The “ADP-Glo” kit (Promega, Wisconsin) was used to measure hydrolysis of ATP to ADP and inorganic phosphate by ATPase. ATP (0.4 mM) was added to the super-complex fraction in the presence of buffer (50 mM Tris-HCl, 5 mM Mg2+, and BSA) at room temperature, incubated for 15 min, followed by the addition of “ADP-Glo reagent” and incubation at room temperature (40 min) to consume unused ATP. The reaction mixture was then incubated with the detection reagent to convert ADP to ATP, measured by the reaction of luciferase/luciferin, and the luminescence recorded in a spectral band centered at 560 nm, utilizing a Spectramax Luminometer (Molecular Devices, CA). The buffer with 0.4mM ADP was kept as a positive control and with 0.4mM ATP as negative control. All experiments were repeated three times.

Fluorescence emission spectroscopy

Fluorescence measurements were made with a FluoroMax 3 Fluorimeter (Horriba-Yvon Inc.), using a 3 x 3 mm quartz microcell with 0.3 ml volume. FAD containing the super-complex fraction in 10 mM HEPES buffer, pH 7.5, 0.5 mM EDTA, 2 mM DDM, 10% sucrose. Fluorescence was excited at 460 nm, and emission spectra collected in a 500–580 nm spectral interval, with a stepping increment of 1 nm and a 0.1 sec integration time. Excitation spectra were measured from 420–500 nm using an emission band interval centered at 530 nm. Difference spectra were obtained by measuring the fluorescence in the presence and absence of sodium dithionite, the latter a reductant with a redox potential negative enough to fully reduce the flavin in FNR, thus effectively eliminating its absorbance and resulting fluorescence.


A unique super-complex from thylakoid membranes; electrophoretic and immuno-blot analysis

The super-complex was isolated from spinach thylakoid membranes by detergent extraction followed by sucrose density gradient centrifugation (Fig 2A, marked as “SC”), and the approximate size (Mr) was determined on a 4–12% clear-native gel (Fig 2B).

The presence of ATP synthase, PS I and FNR was confirmed by Western blot analyses using antibodies raised against the Arabidopsis ATP synthase α-subunit (Mr 55 kDa) (Fig 2C), the Mr 60 kDa PsaA subunit of PSI (Fig 2D), and FNR (Mr 36 kDa) (Fig 2E). Note that these are relative molecular weight Mr based upon comparison to standards.

Mass spectrometry

High-resolution mass spectrometry of the isolated Mr 1 MDa super-complex from spinach chloroplast thylakoid membranes (Table 1) revealed the presence of ATP synthase (0.56 MDa), Photosystem I (0.53 MDa). Polypeptide components derived from the 1 MDa band in Fig 2B, were identified after in-gel digestion of the native gel-band and tandem mass spectrometry with database searching constrained by a specified high statistical confidence threshold, as described in Methods, and summarized in Tables 1 and 2. Presence of ATP synthase and Photosystem I were identified with high statistical confidence by multiple polypeptides. Notably absent were Photosystem II (trace amounts of PsbB were detected in 1 preparation, assumed to represent contamination), and cytochrome b6f complex polypeptides. Other components that were detected consistently were the polypeptides FtsH and FtsH2, Lhca3.1 (a known PSI chlorophyll a/b binding protein) and ferredoxin-NADPH oxidoreductase (FNR) that was confirmed by Western blot (Fig 2E). A calcium-sensing receptor was found in 2/3 preparations and rubisco activase was found with a high score after crosslinking. Because of differential recovery of larger versus smaller subunits and peptides derived from them it is not possible to infer polypeptide stoichiometry from these measurements. Peptides identified by mass spectrometry and polypeptide sequence coverage achieved are included for all reported proteins in Table 1 (S1 File).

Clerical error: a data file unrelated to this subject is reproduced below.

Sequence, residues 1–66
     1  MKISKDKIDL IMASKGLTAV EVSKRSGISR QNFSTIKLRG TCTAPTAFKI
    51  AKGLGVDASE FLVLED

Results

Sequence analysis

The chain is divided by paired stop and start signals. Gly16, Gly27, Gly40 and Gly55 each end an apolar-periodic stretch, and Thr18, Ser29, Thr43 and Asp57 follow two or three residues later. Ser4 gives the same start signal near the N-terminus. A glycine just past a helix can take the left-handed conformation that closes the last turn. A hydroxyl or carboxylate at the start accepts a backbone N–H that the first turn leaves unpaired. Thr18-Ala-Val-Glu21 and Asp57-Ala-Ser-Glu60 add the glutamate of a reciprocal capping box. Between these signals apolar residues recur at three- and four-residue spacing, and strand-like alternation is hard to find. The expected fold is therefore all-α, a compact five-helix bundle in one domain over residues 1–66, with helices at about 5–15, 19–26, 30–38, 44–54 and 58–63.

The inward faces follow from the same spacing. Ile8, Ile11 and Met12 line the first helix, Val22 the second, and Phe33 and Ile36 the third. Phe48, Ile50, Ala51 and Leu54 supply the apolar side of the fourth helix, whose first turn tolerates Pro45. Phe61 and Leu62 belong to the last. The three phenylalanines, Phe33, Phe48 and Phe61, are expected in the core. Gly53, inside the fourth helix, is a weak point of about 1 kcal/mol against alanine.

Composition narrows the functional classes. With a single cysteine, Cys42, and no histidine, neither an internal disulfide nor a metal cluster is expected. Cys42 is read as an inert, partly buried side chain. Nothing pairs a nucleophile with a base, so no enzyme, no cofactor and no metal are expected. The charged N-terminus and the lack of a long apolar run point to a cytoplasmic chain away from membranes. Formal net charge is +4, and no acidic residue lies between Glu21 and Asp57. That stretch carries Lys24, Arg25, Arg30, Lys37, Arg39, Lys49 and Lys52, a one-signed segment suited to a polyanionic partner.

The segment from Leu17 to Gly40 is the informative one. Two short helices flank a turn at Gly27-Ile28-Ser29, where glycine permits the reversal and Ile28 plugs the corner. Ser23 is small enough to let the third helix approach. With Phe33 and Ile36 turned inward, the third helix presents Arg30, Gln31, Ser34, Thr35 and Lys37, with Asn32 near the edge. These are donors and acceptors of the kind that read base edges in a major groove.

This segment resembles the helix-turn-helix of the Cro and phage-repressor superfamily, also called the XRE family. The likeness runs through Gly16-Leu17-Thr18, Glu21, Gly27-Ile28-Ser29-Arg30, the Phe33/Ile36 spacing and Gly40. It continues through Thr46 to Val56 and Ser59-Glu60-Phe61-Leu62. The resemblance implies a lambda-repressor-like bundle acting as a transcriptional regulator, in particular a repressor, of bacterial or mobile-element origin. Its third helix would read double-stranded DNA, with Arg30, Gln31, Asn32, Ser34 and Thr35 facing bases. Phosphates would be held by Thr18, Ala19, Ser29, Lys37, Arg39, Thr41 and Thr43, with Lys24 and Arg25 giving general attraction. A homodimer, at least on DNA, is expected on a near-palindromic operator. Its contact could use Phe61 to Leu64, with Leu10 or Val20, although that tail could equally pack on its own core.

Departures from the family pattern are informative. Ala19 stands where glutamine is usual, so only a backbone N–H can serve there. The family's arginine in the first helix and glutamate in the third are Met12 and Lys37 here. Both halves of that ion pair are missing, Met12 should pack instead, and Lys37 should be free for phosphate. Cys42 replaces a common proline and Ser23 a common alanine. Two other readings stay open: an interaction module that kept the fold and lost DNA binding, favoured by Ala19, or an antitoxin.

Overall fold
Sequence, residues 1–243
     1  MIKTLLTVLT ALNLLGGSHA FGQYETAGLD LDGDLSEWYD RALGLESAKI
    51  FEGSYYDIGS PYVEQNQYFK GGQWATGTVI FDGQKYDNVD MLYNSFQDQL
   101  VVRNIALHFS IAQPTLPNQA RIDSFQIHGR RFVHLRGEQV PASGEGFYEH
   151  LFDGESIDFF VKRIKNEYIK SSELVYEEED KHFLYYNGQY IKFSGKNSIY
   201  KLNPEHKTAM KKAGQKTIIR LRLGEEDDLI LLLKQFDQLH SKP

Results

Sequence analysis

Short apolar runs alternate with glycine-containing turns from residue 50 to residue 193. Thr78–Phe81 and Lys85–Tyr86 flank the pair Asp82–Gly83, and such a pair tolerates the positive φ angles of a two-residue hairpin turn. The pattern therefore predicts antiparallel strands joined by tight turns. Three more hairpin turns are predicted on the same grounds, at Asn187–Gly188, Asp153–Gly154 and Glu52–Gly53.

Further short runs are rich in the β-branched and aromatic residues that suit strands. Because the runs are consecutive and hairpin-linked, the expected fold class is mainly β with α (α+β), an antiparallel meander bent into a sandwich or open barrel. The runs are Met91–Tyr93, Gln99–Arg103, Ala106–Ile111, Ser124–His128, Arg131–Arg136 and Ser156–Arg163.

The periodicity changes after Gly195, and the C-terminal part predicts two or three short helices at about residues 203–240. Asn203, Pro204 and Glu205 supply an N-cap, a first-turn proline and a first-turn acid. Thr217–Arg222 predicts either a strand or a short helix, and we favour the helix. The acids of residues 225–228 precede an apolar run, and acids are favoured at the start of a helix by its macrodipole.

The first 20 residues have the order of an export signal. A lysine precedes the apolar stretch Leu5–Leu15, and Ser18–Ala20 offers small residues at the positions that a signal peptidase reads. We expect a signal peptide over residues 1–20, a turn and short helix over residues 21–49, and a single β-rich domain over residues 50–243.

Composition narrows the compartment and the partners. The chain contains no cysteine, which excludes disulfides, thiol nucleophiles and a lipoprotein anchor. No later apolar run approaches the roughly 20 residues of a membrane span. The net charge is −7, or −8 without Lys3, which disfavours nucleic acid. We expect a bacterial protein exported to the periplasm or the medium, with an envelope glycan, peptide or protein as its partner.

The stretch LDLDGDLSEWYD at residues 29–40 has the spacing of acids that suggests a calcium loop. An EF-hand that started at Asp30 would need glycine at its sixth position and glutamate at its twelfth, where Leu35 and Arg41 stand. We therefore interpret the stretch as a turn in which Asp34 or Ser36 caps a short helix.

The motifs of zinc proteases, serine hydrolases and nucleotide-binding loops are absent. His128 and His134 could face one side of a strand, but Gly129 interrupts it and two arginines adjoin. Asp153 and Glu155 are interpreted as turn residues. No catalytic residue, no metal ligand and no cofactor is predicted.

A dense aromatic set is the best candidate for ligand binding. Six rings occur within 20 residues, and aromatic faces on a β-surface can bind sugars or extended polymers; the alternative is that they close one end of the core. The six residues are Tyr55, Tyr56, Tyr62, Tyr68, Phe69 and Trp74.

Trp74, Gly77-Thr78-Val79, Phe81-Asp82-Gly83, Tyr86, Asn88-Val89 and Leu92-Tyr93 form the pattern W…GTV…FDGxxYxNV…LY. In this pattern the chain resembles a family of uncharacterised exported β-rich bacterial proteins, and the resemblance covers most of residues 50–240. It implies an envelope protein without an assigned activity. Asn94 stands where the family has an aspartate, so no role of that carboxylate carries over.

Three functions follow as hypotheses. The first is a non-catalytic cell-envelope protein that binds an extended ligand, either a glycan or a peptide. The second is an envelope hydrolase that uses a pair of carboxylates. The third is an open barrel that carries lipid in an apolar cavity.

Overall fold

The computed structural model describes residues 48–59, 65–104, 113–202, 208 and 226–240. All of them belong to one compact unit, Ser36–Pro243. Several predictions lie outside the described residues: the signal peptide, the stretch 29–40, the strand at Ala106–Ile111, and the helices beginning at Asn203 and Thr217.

Table 1. Identification of twenty highest scoring proteins in three super-complex preparations.

Table 2. Major thylakoid complexes in supercomplex.

4 highest scores for each complex component added together.

The presence of FNR was confirmed through Western blot analysis using an anti-FNR antibody probe (Fig 2E), and determination of fluorescence excitation and emission spectra that are characteristic of FAD [42] (Fig 3). No polypeptides from the cytochrome b6f complex were detected at the stringency used.

Fig 3. Difference fluorescence emission (top) and excitation (bottom) spectra of the ‘super-complex;’ measured with a FluoroMax 3 Fluorimeter (Horiba-Yvon Inc.).

(A) Emission spectra measured between 500–600 nm. Stepping increment, 1 nm; Integration time, 0.1 sec; Excitation, 466 nm; bandwidth 5 nm for excitation and emission. (B) Excitation spectra measured in 400–500 nm range, measuring the emission at its 530 nm peak. Spectra of undiluted sample were measured in a quartz microcell, 3 x 3 mm, volume, 0.3 ml (Starna Cells) before and after addition of dithionite grains. Difference spectra were obtained by subtraction of spectra, i. e., ‘oxidized–reduced,’ measured before and after addition of dithionite.

Presence of FNR in the super-complex

The presence of FNR in the spinach super complex was confirmed from fluorescence emission and excitation spectra produced by the isoalloxazine moiety of FAD (Fig 3A and 3B). The super-complex, suspended in 10 mM HEPES buffer, pH 7.5, and 0.5 mM EDTA, 2 mM DDM, 10% sucrose, was excited at 460 nm and emission spectra were acquired over the wavelength range 500–600 nm. The difference emission spectrum, calculated with and without the strong reductant, sodium dithionite, showed an emission maximum in the oxidized state at 530 nm, which is characteristic of the presence of flavin [42]. A similar conclusion was reached from the difference excitation spectra measured with and without sodium dithionite over the 400–500 nm range using emission at 530 nm. The excitation spectrum showed maximum at 460 nm, characteristic of oxidized flavin [42]. Spectra are normalized to unit emission intensity.

ATPase activity

The F1-ATPase component in the super-complex demonstrated in vitro ATP hydrolysis, as described in Methods. The “ADP-Glo kit” (Promega) was used to provide a qualitative measure of ATP hydrolysis, which was dependent on the presence of the PSI-ATPase-FNR super-complex (Table 3). ATP hydrolysis was measured by addition of 0.4 mM ATP to the super-complex fraction in the buffer containing 50 mM Tris-HCl, 5 mM Mg2+, and 0.1 mg/ml BSA).